RonAmok!

The adventures of an analog engineer and digital storyteller who studies emerging networks and their impact on the great game of business.
Apr 9, 2008

Just when I think I’ve seen it all — the stupidity of old media grabs a megaphone and hits me with a resounding “Not so fast, Ron!”

Last night, I found the following message waiting for me on my DIRECTV box.

Effective April 15, 2008, DVR recordings of PPV movies will be available for up to 24 hours of unlimited viewing after purchase. Major movie studios have required that satellite and cable providers alike may no longer allow their customers to view these recordings for longer than 24 hours. During the 24 hour viewing period, you will continue to enjoy all of your DVR features such as pause and rewind.

Okay, let me get this straight. If I rent a movie via my satellite carrier and download it to my digital video recorder, I must watch it within 24 hours or it turns into a pumpkin?

I first experienced the renting of self-destructible movies with my AppleTV. At the time, I thought the AppleTV terms were bad, but in hindsight, they make DIRECTV’s look Draconian. At least with AppleTV, I have 30 days to start watching the movie — leaving me with 24 hours to finish it after that. The experience is annoying, because sometimes your schedule doesn’t allow you to watch a movie within 24 hours. Have you ever started watching a movie late at night, got sleepy, and decided to watch the rest of it the following evening? Well sorry folks. With AppleTV and DIRECTV, you can’t do that anymore.

A DVR is about time-shifting. It’s about the ability to watch programming on my time, on my schedule. To shackle recorded content with scarcity-driven time limits can only serve one purpose — to aggravate the DVR-enabled consumer.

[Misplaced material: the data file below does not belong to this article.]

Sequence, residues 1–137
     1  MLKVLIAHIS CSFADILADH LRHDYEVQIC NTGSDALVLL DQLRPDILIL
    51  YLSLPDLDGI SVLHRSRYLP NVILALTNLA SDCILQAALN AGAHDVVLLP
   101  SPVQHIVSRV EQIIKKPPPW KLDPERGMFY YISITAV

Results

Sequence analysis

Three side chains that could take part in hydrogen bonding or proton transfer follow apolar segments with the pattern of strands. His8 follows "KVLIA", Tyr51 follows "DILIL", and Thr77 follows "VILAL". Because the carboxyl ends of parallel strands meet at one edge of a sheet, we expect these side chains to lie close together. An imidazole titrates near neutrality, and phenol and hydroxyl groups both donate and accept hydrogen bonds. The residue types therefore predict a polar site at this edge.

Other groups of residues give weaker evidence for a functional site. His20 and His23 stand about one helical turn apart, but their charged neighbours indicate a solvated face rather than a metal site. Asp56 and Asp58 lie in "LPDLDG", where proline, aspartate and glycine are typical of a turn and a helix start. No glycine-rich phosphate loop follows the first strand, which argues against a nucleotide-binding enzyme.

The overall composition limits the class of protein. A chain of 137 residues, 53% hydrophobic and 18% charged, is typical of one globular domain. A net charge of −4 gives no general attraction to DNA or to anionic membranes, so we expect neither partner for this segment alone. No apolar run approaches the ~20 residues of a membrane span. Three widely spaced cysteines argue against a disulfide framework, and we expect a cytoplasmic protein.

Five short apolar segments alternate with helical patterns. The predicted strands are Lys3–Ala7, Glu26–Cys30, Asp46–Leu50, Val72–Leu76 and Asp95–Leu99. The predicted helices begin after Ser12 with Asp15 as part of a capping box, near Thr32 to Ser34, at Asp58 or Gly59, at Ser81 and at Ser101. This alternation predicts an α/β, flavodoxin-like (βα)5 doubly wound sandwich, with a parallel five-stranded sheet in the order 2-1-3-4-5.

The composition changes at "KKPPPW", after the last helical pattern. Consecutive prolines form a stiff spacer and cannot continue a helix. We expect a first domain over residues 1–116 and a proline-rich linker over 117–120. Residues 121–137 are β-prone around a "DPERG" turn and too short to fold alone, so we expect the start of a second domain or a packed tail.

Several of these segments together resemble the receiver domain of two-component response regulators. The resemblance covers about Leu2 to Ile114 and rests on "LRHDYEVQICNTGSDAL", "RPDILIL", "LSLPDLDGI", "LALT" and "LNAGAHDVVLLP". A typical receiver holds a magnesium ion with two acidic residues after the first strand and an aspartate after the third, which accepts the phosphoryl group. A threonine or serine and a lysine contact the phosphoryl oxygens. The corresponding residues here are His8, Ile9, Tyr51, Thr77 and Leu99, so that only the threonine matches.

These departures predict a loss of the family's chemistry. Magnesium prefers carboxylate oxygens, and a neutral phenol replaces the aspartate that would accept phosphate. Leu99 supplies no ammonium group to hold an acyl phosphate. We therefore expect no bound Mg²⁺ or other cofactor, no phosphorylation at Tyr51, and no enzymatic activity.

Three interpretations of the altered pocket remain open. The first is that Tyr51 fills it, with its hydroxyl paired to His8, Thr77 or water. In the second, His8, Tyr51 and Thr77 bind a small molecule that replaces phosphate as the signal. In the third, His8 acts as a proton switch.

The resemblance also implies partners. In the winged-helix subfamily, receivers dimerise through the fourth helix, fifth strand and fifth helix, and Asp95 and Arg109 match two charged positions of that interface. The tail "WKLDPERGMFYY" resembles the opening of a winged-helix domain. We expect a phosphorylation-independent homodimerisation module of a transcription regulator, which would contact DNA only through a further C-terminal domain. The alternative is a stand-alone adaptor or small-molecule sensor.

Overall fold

But there’s another thing that’s bothering me. This from the DIRECTV FAQs:

Could a Pay Per View movie expire from my playlist before I get around to watching it?

Yes, the 24 hour viewing period is triggered by your purchase of the Pay Per View movie, so make sure to plan accordingly. If you are not sure you will be able to watch your selection within the 24 hour viewing period, use your “record/buy later” function available on DIRECTV Plus DVR or DIRECTV Plus HD DVR receivers.

Sure, this makes sense. Take all the convenience of the DVR, which gives me control over my schedule, and then force me to calculate when it’s best for me to order your product.

Methinks there is something else going on here. Right now, there is a price difference between renting a movie in SD or HD. When given that choice, I always pay the extra buck, and the movie studios know this. Let’s take this known behavior to the next step. By putting a 24 hour limit on our movie rentals, the industry sets a precedent. Then, when we complain, they’ll roll out a new set of upgrade choices, under the altruistic guise of “listening to our customers.” The new upgrades offer us an a-la-carte choice of SD, HD, and length of time we’d like to hold onto the content.

When will old media learn that the more restrictions that they put on their content, the less money that they’ll make in the long run?

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Filed under: Miscellaneous

Comments

Poor old media. They spend money negotiating contracts to limit use instead of creating the tool to track time-shifted viewing habits…data that could actually benefit them.

Corey James
April 9, 2008

Poor old media. They spend money negotiating contracts to limit use instead of creating the tool to track time-shifted viewing habits…data that could actually benefit them.

Corey James
April 9, 2008

That’s a GREAT POINT, Corey!

ronploof
April 9, 2008

That’s a GREAT POINT, Corey!

Ron
April 9, 2008

Don’t even get me started, Verizon FIOS rocks, but the set top DVR is a complete piece of crap….

John Wall
April 11, 2008

Don’t even get me started, Verizon FIOS rocks, but the set top DVR is a complete piece of crap….

John Wall
April 11, 2008

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